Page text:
Latin name: Betula pendula, Betula pubescens
Also known as: European birch, Silver birch, White birch
Density (mean, Kg/m³):
Readily available at timber merchant
Not listed in CITES. Believed available from well-managed sources. Check certification status with suppliers.
Birch is found throughout Europe, including the British Isles. It penetrates farther north than any other broad-leaved tree, being found in Lapland, and it will grow where it is subject to great heat just as well as it will endure extreme cold. It extends from Scandinavia and northern Europe down to central Spain, and throughout the British Isles.
Two forms are recognised, Betula pendula (silver or white birch), and B. pubescens (common birch). Silver birch is the form with rough bark at its base, the branches drooping, twigs warty, leaves short-pointed and smooth, as distinct from common birch with its smooth, often reddish bark at the base, branches closer and more horizontal, and twigs and leaves softly hairy.
There is no distinct heartwood, the wood being whitish to pale brown, without conspicuous features, fairly straight grained, fine-textured, and weighing about 670 kg/m³ when dried. Despite the normally featureless appearance of birch, changes in appearance occasionally take place due to beetle attack. An insect known as Agromyzia carbonaria is usually responsible, its larvae burrowing in the cambium of the tree create what are known as pith flecks, pith-like cells which cause dark markings in the wood, and localized grain disturbances. Logs that have been severely attacked, when rotary peeled, can produce highly decorative veneer known as masur birch, the irregular dark markings appearing to stand out in relief against the silky white background. Flame birch and curly birch veneer is likewise created by grain deviations.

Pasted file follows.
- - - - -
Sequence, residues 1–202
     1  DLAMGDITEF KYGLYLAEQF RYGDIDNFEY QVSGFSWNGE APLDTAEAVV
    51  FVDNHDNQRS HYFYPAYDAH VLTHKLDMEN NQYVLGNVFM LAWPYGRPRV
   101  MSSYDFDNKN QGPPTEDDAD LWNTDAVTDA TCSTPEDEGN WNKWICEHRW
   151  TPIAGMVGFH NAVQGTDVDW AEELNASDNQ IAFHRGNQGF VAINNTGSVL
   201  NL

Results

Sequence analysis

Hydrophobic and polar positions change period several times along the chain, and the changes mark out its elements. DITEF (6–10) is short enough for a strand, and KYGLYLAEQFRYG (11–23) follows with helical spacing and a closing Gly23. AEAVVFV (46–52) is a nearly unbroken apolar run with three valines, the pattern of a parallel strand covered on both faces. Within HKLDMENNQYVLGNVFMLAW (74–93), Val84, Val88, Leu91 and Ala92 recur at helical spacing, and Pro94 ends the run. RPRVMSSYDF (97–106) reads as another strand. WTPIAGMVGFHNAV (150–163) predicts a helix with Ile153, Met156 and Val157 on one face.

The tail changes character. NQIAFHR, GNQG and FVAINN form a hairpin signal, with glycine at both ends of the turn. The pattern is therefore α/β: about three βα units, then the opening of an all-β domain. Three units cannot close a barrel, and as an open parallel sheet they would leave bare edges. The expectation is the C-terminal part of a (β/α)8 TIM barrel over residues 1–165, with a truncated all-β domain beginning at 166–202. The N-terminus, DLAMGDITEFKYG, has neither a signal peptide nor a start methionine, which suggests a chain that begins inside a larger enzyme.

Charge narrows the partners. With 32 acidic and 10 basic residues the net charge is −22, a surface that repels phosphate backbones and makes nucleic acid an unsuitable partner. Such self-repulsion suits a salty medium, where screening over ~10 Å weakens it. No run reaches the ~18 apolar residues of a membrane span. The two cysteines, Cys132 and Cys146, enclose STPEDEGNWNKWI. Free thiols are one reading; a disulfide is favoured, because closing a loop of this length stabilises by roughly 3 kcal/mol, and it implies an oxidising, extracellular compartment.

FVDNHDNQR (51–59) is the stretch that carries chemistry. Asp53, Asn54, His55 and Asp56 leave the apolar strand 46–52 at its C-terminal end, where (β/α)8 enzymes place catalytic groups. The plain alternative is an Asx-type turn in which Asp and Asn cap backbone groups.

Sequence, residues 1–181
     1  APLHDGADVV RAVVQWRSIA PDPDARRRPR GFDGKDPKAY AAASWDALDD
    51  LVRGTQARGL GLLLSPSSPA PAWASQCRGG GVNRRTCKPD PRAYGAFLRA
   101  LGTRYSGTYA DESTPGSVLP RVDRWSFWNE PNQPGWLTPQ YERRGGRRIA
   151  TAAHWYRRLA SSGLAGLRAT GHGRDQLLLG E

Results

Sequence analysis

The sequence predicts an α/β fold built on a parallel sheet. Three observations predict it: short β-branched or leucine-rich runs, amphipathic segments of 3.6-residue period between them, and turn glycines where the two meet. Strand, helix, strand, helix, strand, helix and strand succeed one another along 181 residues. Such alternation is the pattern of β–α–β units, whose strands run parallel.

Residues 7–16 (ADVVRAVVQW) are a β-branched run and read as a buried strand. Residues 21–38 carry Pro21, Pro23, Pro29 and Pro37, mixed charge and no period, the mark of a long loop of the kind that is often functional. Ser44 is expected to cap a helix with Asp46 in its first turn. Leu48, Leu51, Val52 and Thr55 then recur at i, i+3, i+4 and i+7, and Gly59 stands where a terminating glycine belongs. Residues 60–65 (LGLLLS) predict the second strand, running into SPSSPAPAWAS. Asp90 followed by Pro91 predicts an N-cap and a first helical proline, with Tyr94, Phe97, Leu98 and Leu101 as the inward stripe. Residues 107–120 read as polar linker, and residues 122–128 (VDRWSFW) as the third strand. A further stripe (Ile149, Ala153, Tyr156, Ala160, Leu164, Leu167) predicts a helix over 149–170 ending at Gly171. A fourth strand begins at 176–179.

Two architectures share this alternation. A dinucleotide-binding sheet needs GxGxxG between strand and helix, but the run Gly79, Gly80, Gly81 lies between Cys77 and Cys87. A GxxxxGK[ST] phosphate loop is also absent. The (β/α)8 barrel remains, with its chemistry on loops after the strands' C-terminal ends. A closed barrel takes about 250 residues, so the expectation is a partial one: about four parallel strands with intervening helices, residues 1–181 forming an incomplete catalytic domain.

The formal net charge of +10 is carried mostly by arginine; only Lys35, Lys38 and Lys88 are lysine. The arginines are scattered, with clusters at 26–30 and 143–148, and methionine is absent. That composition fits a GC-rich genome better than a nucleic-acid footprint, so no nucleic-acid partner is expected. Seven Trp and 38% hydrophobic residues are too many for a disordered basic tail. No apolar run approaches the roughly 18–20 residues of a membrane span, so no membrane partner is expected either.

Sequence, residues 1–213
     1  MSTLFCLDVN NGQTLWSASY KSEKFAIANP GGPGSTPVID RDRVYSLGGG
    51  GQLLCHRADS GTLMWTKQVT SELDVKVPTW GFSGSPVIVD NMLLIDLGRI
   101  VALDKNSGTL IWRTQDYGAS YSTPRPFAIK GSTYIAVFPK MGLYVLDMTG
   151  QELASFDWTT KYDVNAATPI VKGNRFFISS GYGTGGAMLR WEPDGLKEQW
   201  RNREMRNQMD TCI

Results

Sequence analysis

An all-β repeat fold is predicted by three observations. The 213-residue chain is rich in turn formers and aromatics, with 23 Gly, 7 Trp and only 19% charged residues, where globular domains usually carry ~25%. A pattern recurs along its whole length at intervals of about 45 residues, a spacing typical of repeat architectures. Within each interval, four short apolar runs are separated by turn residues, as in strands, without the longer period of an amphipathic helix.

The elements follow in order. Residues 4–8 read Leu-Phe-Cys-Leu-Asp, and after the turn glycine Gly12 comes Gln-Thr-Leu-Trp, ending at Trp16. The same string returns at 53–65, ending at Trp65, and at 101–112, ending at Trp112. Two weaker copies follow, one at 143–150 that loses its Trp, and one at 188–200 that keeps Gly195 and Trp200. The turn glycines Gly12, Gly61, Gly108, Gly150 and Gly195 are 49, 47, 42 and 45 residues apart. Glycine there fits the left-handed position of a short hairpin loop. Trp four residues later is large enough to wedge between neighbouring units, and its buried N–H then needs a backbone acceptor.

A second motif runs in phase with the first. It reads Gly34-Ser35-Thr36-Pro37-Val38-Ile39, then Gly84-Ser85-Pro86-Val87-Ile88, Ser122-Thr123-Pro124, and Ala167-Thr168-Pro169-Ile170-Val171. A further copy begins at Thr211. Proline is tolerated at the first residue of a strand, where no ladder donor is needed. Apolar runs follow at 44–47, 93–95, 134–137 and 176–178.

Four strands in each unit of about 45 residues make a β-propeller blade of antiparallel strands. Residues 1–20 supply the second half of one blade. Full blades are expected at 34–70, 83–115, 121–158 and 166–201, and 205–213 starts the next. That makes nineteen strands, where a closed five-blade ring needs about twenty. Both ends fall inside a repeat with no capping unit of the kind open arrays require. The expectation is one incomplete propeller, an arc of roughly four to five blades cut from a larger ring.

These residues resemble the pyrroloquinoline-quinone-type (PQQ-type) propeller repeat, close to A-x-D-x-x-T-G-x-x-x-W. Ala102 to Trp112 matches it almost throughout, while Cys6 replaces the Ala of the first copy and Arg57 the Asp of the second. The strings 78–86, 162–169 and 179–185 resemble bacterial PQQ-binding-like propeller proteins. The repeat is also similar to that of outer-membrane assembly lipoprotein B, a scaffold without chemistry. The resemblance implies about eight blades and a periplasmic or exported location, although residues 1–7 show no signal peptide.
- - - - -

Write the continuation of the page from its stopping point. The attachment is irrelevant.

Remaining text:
Birch air dries and kiln dries fairly quickly without undue difficulty beyond a tendency to warp. It should be dried quickly after conversion in order to avoid fungal discolouration, or decay.
The dried timber is similar to oak in most strength properties, and superior to that timber in compression along the grain, stiffness and toughness.
Good - Works fairly easily but is inclined to be woolly. It can be planed and moulded to a good clean surface, and can be glued, stained and polished satisfactorily, and is a good turnery wood.